IT’S BECOME AN annual warning: the trustees of the combined Social Security trust funds, one for retirees and one for the people who claim disability benefits, along with Medicare spending, say the outlays will exceed its income for the first time since 1982.

In their annual report a month ago, the trustees said the Social Security trust funds are projected to be depleted in 2034, three years sooner than expected a year ago, if changes are not made. The program’s income comes from tax revenue and interest from the trust fund.

In 2017, payroll taxes workers had withheld made up $874 billion out of the nearly $1 trillion in revenue that went toward paying benefits. Interest on the trust fund IOUs supplemented the benefits and that came from the general fund.

That interest hit a peak of $118.4 billion in 2009. In 2017, that number dropped to $85.1 billion despite rising interest rates.

In more dire news, trustees said Medicare’s hospital insurance fund will be depleted in 2026, three years earlier than anticipated, absent changes. At that point, the program would be able to handle just 91% of costs.

Skeptics conclude that the entitlement problem cannot be solved for three reasons: the beneficiaries of income transfers will not support change, the Democrats will not support change in payments for individuals for fear of not getting elected and Republicans will refuse to reform entitlements for fear of not getting elected.

The fact is, keeping Social Security solvent will require corrections equal to prospective benefit reductions of 21% across the board, according to Charles Blahous, a former public trustee for the Social Security and Medicare programs.

He said the expenditures began to exceed its tax income in 2010. The fund began to rely on the trust fund’s interest earnings which are paid from the government’s general fund.

Even that is not working now, so the program is dipping into the trust fund principal. Blahous warned that the drain will only get worse as the rate of baby boomers reaching retirement age (10,000 per day) continues and with most retirees living longer.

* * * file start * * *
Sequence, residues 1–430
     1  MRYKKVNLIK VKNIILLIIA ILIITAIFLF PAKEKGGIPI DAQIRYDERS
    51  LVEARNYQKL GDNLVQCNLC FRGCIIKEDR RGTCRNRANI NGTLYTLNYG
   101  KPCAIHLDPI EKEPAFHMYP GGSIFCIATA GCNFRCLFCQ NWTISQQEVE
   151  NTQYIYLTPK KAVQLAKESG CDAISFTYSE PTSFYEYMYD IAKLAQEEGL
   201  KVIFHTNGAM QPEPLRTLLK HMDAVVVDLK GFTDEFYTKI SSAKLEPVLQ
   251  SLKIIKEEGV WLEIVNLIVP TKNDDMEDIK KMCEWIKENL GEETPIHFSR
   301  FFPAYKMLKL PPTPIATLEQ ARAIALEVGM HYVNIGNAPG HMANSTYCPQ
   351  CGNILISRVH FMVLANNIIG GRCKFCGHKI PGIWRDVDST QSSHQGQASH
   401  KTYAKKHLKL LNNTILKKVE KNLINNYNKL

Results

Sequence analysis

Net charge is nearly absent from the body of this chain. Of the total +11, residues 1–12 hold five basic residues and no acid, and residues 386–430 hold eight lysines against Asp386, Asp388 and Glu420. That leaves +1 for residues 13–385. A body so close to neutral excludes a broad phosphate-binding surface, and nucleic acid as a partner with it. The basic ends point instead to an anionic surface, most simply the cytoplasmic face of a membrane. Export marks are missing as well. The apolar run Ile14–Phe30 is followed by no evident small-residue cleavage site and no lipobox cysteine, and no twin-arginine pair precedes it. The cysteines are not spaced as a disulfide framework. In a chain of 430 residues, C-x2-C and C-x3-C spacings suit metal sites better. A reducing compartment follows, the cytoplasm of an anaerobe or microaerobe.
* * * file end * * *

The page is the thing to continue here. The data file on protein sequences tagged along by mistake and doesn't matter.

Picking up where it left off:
As for Medicare, that beloved program has never maintained substantial reserves and poses a greater economic effect on federal deficits.

Ken Fisher, financial columnist, author and founder of Fisher Investments, said the doom and gloom forecasts are overblown. He said the Social Security trust funds are a pay-as-you-go program and can be preserved if Congress has the courage to patch the system.

He proposes raising the payroll taxes plus employee contributions from the current 12.4% to about 15%. That should be done over the next 25 years. Minor tax increases over time will hardly be noticed.

Second, Fisher said Congress should raise the cap on earnings eligible for Social Security taxes, currently $128,400. Middle-class workers earning less than this amount would see very little change. Raise the cap how much? Make it $200,000, $250,000 or $400,000 a year. Stagger the increase over 15 years.

Third, the retirement age for people born in or after 1960 is 67. Immediately raise the retirement age for millennials to 70. Offer incentives to anyone waiting to retire until age 72 or 75. These three changes would be realistic adjustments based on life expectancy and income inflation.

A novel thought: eliminate federal and state income taxes for all teenagers younger than the age of 18. This would be an incentive for teens to work. While they would still contribute to Social Security, they would be encouraged to earn a wage and learn valuable work habits.

About 61.5 million people receive retirement or disability benefits from Social Security and 58.4 million receive Medicare. Last year, there were 2.8 workers for every Social Security recipient, down from 3.3 in 2007.

According to the Bureau of Labor Statistics, only 62.7% of working-age Americans had jobs in May, unchanged from the previous year. That is 5% less than the most recent peak level of 67.3% in 2000.

Roughly 155,474,000 Americans had jobs in May. Only 3.8% of the workforce is unemployed. The number of workers receiving federal disability benefits has soared to about 15 million from about 4 million in 1990. Trustees say the disability fund is expected to run out in 2032 unless Congress acts soon.

Do you realize the United States has legally naturalized more than 60 million immigrants since the mid-1960s? Some economists say the best way to increase Social Security coffers is to engage Americans to rejoin the U.S. workforce and to get them working more hours.

Immigrants account for more than half of the U.S. population growth. The United States has a very low birth rate and population growth, and that won’t support the economic growth it needs to maintain the entitlement state.

In the business world, robots and technology are taking the place of human workers. Immigrants are often employed in low-skill jobs and are in danger of being displaced at a higher rate. As a result, that does not help increase payroll tax revenues or support the Social Security and Medicare programs.